“In addition to developing tools, our goal is to strengthen local capacity in immunology, diagnostics, epidemiology, and informatics applied to infectious disease control and public health,” said Harris.
FIRST is the newest of several joint ventures between the Gates and Slim Foundations. In 2010 they launched the “Salud Mesoamérica 2015” Initiative, whose goal is to reduce health inequities affecting the poorest 20 percent of the population in Central America and Southern Mexico. They’ve also collaborated on CIMMYT, an agricultural research center in Mexico, and on programs to support the eradication of polio.
About the Diseases
DENGUE is the most rapidly spreading mosquito-borne viral disease in the world, and it infects an estimated 100 million people in the world every year, inflicting a significant health, economic and social burden. Some 2.5 billion people live in the 100 countries worldwide where dengue is endemic, placing them at risk of the disease. There are no specific treatments for dengue and no effective vaccines to prevent its spread.
CHAGAS’ DISEASE (American Trypanosomiasis) is caused by a parasite that’s spread by reduvid bugs and is a major health problem in Mexico, Central America and South America. It affects an estimated 8 to 11 million people in Latin America and some 300,000 in the United States, and people living in poor housing conditions are at greatest risk for acquiring infections. Most Chagas’ cases are asymptomatic, making it difficult to diagnose and treat, and untreated Chagas’ can develop into a chronic, life-threatening disease for which there is no current treatment.
ONCHOCERCIASIS, also known a “river blindness,” is the second leading cause of infectious blindness worldwide. It is caused by a parasitic disease caused by the filarial worm Onchocerca volvulus, which is transmitted through the repeated bites of infected blackflies. There are approximately 37 million people worldwide infected with onchocerciasis – mostly concentrated in 30 African countries but also in Yemen, Mexico, Guatemala, Ecuador, Colombia, Venezuela and Brazil.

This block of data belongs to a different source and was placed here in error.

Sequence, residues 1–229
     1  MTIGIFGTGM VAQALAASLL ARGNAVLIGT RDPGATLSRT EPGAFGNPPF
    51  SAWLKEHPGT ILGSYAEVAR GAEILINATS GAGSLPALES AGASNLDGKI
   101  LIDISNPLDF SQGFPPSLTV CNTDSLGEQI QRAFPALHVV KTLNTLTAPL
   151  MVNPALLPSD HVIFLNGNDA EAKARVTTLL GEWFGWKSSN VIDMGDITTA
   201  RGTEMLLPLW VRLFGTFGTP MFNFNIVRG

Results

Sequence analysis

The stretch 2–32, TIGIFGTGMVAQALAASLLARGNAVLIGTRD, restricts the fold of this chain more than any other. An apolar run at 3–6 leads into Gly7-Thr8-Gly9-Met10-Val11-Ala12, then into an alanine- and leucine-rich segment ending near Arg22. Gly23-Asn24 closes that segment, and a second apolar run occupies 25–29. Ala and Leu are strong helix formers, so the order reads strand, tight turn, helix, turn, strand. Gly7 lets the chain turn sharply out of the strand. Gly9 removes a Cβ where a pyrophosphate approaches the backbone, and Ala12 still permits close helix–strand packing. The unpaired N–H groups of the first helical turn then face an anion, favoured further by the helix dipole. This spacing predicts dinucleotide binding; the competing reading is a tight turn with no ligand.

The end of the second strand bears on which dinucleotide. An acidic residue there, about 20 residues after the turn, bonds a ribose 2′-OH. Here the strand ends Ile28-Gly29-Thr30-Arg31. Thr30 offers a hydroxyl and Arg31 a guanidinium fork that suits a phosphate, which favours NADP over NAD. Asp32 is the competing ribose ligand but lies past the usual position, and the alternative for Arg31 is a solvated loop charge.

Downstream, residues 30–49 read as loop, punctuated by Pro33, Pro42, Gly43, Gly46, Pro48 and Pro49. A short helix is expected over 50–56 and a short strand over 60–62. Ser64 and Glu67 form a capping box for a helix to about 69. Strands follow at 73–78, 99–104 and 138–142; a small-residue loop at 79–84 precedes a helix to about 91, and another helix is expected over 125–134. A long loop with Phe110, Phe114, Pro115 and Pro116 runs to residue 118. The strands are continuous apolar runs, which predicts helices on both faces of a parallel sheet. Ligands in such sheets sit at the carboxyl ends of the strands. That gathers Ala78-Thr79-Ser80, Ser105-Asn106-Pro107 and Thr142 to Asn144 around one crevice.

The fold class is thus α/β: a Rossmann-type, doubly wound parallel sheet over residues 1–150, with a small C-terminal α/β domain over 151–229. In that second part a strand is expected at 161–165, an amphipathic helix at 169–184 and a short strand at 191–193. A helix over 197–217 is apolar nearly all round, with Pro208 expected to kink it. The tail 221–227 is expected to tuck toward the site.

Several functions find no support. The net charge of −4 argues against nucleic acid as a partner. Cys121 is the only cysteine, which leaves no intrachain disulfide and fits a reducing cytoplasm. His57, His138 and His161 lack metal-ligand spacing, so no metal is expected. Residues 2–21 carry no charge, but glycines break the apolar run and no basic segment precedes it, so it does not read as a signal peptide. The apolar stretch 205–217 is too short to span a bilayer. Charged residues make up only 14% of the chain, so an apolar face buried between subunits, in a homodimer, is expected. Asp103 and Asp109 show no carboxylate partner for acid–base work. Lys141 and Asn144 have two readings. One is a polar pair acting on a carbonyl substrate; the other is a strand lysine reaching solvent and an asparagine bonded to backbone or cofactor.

About Global Health Sciences and UCSF
Through interdisciplinary education, service and research programs, GHS harnesses UCSF’s scientific strengths to train global health leaders of tomorrow and develop solutions to today’s most pressing health challenges. GHS faculty, staff and students are on the cutting edge of research, treatment, public health practice and policy development for HIV/AIDS, malaria, tuberculosis, neglected tropical diseases, immunizations, women’s reproductive and children’s health, and other conditions that have a devastating impact both globally and locally. They work in more than 50 countries and partner with academic centers, international organizations, ministries of health and private industries to improve the health of vulnerable populations.
UCSF is the nation’s leading university exclusively focused on health. Now celebrating the 150th anniversary of its founding as a medical college, UCSF is dedicated to transforming health worldwide through advanced biomedical research, graduate-level education in the life sciences and health professions, and excellence in patient care. It includes top-ranked graduate schools of dentistry, medicine, nursing and pharmacy; a graduate division with world-renowned programs in the biological sciences, a preeminent biomedical research enterprise and two top-tier hospitals, UCSF Medical Center and UCSF Benioff Children’s Hospital San Francisco.